The U.S. Food and Drug Administration issued guidance for the Standards for the Interoperable Exchange of Information for Tracing of Certain Human, Finished, and Prescription Drugs. The document establishes initial standards for the interoperable exchange of product tracing information (transaction history (TH), transaction statement (TS), transaction information (TI) in paper or electronic format.
#1: Track and Trace
Title II of the Drug Supply Chain Security Act requires manufacturers, repackagers, wholesale distributors, and dispensers to track drug products as they move through the supply chain. The product-tracing requirements go into effect Jan. 1, 2015, for manufacturers, repackagers, and wholesale distributors, and July 1, 2015, for dispensers.
Trading partners are required to provide the subsequent purchaser with the product-tracing information. Trading partners are also required to capture and maintain the product-tracing information for six years. The FDA notes that although third-party logistics providers are also considered trading partners, the product-tracing requirements are not applicable.
According to the document, trading partners can use current paper-based or electronic-based methods for the interoperable exchange of data. In order for any system, process, or practice to be interoperable, the subsequent purchaser must be able to successfully capture and maintain the product-tracing information, regardless of whether the information is provided in a paper or electronic format.
The methods to do this include (but are not limited to):
- paper or electronic versions of invoices;
- paper versions of packing slips;
- Electronic Data Interchange (EDI) standards, such as 856 Advance Ship Notice (ASN), which is currently used to provide the receiving entity with advance data on shipments; and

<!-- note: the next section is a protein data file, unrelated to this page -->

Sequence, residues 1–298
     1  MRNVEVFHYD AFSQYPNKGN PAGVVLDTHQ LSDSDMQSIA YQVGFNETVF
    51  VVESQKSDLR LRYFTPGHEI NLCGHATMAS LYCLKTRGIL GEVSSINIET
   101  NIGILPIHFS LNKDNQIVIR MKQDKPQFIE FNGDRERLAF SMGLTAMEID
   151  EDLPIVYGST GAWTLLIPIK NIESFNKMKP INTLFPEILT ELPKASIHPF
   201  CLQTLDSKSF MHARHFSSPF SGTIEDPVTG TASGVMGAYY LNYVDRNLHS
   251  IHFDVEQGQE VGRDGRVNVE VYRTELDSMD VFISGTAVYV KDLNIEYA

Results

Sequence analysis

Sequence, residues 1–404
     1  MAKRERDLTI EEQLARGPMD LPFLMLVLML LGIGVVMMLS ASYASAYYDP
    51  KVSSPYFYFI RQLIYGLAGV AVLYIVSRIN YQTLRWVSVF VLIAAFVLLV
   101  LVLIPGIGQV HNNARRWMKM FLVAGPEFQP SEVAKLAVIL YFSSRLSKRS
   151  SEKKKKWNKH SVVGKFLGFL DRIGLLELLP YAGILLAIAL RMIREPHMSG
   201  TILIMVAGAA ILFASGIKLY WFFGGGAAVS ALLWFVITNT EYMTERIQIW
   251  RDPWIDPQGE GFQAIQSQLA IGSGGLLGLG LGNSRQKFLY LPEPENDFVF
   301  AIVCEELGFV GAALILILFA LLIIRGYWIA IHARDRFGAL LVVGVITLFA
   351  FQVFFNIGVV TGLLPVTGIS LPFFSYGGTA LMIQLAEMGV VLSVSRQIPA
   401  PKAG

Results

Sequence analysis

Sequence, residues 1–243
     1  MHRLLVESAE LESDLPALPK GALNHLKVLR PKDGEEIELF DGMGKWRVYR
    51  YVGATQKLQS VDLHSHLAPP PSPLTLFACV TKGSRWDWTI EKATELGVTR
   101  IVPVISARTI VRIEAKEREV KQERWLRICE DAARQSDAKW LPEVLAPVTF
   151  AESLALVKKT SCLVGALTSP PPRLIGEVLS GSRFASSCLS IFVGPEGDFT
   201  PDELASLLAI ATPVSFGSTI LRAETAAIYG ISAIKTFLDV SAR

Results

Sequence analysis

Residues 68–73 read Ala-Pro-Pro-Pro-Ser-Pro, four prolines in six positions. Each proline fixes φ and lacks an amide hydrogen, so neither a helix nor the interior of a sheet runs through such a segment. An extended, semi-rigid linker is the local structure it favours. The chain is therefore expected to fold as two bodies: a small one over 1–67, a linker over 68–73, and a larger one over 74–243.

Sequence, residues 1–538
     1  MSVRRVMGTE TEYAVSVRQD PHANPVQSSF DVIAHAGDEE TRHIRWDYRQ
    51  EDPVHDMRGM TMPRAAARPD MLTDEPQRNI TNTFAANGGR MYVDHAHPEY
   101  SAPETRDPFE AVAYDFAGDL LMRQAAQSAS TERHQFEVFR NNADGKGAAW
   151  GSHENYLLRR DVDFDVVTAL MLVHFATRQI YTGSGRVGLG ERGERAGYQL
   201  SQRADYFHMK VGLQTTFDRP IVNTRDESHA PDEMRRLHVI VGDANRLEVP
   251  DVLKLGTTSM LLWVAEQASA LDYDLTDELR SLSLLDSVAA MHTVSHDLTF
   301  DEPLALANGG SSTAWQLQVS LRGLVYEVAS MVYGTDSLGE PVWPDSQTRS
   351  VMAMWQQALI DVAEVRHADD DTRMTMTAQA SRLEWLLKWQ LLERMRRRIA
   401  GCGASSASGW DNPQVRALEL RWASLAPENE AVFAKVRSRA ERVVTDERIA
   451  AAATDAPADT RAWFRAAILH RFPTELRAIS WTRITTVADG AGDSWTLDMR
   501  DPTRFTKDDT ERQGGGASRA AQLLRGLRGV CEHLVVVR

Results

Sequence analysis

- EPCIS (Electronic Product Code Information Services), which defines a data-sharing interface that enables supply chain partners to capture and communicate data about the movement and status of objects in the supply chain.
What 3PLs Need to do Right Now
Talk to your clients about the new track-and-trace requirements and ask them how they will be providing this information to you by Jan. 1, 2015. Based on the guidance issued in November, the exchange of this information through the supply chain is open. The track-and-trace requirements present a new opportunity for 3PLs to add value to clients by building out a warehouse management system to store this information.
The FDA intends to issue additional guidance in the future to facilitate the interoperable exchange of product-tracing information through standardization of data and documentation processes. Stay tuned for updates.
All 3PLs are deemed licensed, as the FDA has yet to issue its federal licensing standards. The FDA plans to issue these standards Nov. 27, 2015.
State licensing standards have been pre-empted by the DQSA since it was enacted into law last year. Most states have not repealed their licensing laws to reflect the new federal laws. There are two exceptions to the licensing: Florida, and by Jan. 1, California. If you are located in Florida or California or if you ship products to these states you must have a state license. As far as we know, no other states are considering a licensing program.
The FDA placed licensing requirements on manufacturers, wholesalers, dispensers and repackagers well before DQSA came into law. By Jan. 1, 2015, 3PLs need to verify that their partners are properly licensed with the FDA. And, if you plan to ship any prescription drugs in or out of California, you need to obtain a state license by the first of year.